Hypertext Transfer Protocol (HTTP) is the backbone protocol of the World Wide Web. HTTP does not protect data from alteration or interception by malicious parties, which is a serious threat to privacy, identity, and information security. A common exploit of HTTP is called iFrame (inline frame) injection. A threat actor compromises a webserver and plants malicious code which creates an invisible iFrame on a commonly visited webpage. When the iFrame loads, malware is downloaded. To address the alteration or interception of confidential data, many commercial organizations have adopted HTTPS or implemented HTTPS-only policies to protect visitors to their websites and services. HTTPS adds a layer of encryption to the HTTP protocol by using secure socket layer (SSL), making the HTTP data unreadable as it leaves the source computer until it reaches the server. Unfortunately, the encrypted HTTPS traffic complicates network security monitoring. Some security devices include SSL decryption and inspection; however, this can present processing and privacy issues. In addition, HTTPS adds complexity to packet captures due to the additional messaging involved in establishing the encrypted connection.

Email protocols such as SMTP, POP3, and IMAP can be used by threat actors to spread malware, exfiltrate data, or provide channels to malware CnC servers. SMTP sends data from a host to a mail server and between mail servers. Because there is so much SMTP traffic, it is not always monitored. However, SMTP has been used in the past by malware to exfiltrate data from the network. Security monitoring could reveal this type of traffic based on features of the email message. IMAP and POP3 are used to download email messages from a mail server to the host computer. Security monitoring can identify when a malware email attachment entered the network, and which host it first infected. Retrospective analysis can then track the behavior of the malware from that point forward.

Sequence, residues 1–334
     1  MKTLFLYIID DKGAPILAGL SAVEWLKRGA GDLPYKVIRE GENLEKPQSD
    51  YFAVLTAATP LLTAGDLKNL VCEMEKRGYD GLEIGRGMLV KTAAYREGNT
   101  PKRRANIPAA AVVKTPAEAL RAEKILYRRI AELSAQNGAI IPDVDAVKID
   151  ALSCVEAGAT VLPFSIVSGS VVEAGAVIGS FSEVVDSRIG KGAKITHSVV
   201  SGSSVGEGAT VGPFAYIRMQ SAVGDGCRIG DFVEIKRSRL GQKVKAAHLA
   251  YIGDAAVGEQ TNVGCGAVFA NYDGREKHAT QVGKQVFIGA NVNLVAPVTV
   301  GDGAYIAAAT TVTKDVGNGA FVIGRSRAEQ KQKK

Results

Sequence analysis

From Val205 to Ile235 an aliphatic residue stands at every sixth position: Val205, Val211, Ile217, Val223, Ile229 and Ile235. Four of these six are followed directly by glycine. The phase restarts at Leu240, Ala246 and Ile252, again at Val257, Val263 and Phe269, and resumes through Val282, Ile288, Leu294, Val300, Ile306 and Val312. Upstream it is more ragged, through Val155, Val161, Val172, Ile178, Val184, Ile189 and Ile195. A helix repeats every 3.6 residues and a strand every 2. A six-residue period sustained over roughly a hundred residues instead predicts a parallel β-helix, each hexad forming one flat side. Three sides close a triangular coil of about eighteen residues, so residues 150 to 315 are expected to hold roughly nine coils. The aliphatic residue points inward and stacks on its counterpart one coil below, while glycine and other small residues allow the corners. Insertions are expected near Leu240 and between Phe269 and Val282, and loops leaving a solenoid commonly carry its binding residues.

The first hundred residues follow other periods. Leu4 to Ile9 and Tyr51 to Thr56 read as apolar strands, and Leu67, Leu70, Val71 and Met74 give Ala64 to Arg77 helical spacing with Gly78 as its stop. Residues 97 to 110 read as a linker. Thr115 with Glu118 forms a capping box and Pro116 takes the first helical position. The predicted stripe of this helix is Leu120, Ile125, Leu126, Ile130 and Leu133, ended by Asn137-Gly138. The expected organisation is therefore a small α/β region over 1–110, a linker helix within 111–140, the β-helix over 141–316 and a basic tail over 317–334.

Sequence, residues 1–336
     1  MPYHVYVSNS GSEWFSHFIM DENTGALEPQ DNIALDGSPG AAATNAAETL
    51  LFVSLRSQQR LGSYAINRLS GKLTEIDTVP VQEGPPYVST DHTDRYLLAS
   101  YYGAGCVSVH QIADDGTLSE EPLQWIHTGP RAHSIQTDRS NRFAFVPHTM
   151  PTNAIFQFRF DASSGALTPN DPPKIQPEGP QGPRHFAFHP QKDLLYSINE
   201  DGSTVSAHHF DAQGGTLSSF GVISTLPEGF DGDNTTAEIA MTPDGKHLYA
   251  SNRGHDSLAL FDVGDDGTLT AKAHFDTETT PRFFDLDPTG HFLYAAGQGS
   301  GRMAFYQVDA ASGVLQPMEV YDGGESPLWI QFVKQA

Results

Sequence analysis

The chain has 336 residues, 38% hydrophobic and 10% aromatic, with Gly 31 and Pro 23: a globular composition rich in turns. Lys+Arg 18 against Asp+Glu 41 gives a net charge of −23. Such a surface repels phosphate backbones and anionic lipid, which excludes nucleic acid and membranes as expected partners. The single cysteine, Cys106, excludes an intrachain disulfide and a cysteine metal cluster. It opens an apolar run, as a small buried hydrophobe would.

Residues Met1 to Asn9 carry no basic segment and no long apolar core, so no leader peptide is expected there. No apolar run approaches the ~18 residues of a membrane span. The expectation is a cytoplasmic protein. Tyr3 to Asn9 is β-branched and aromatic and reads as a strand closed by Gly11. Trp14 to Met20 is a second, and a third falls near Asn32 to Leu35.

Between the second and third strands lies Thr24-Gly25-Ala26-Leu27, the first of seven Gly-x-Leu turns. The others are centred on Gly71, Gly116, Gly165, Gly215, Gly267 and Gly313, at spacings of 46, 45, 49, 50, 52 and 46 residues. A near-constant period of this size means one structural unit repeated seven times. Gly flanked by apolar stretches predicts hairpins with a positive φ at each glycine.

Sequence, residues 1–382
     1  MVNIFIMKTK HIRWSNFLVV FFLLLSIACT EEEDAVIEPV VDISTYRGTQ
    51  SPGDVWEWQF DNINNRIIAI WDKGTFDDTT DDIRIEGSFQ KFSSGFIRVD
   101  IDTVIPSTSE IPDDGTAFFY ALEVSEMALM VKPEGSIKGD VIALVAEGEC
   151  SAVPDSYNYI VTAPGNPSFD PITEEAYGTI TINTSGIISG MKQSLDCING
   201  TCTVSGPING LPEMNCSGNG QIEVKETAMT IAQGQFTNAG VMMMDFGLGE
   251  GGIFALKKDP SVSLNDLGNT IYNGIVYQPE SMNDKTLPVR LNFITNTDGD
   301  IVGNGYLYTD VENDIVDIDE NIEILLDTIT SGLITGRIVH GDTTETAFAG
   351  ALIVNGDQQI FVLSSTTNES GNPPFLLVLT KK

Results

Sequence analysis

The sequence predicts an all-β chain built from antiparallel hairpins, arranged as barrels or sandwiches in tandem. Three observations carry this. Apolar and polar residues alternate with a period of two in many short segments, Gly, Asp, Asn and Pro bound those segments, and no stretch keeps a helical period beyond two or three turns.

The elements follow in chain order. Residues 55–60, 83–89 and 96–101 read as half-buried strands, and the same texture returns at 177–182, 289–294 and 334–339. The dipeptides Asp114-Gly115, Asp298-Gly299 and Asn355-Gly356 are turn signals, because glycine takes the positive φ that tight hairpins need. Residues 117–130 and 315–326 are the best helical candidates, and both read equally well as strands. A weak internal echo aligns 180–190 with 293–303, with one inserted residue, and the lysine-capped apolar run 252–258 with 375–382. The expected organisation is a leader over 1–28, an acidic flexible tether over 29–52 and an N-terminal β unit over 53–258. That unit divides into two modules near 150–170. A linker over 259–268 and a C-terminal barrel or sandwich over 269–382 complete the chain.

ICMP functionality has been used to craft a number of types of exploits. ICMP can be used to identify hosts on a network, the structure of a network, and determine the operating systems at use on the network. It can also be used as a vehicle for various types of DoS attacks. It can also be used for data exfiltration. Because of the concern that ICMP can be used to surveil or deny service from outside of the network, ICMP traffic from inside the network is sometimes overlooked. However, some varieties of malware use crafted ICMP packets to transfer files from infected hosts to threat actors using this method, which is known as ICMP tunneling.

Security Technologies

ACLs can give a false sense of security if they are overly relied upon. Attackers can determine which IP addresses, protocols, and ports are allowed by ACLs. This can be done either by port scanning or penetration testing, or through other forms of reconnaissance. Attackers can craft packets that use spoofed source IP addresses. Applications can establish connections on arbitrary ports. Other features of protocol traffic can also be manipulated, such as the established flag in TCP segments. Rules cannot be anticipated and configured for all emerging packet manipulation techniques.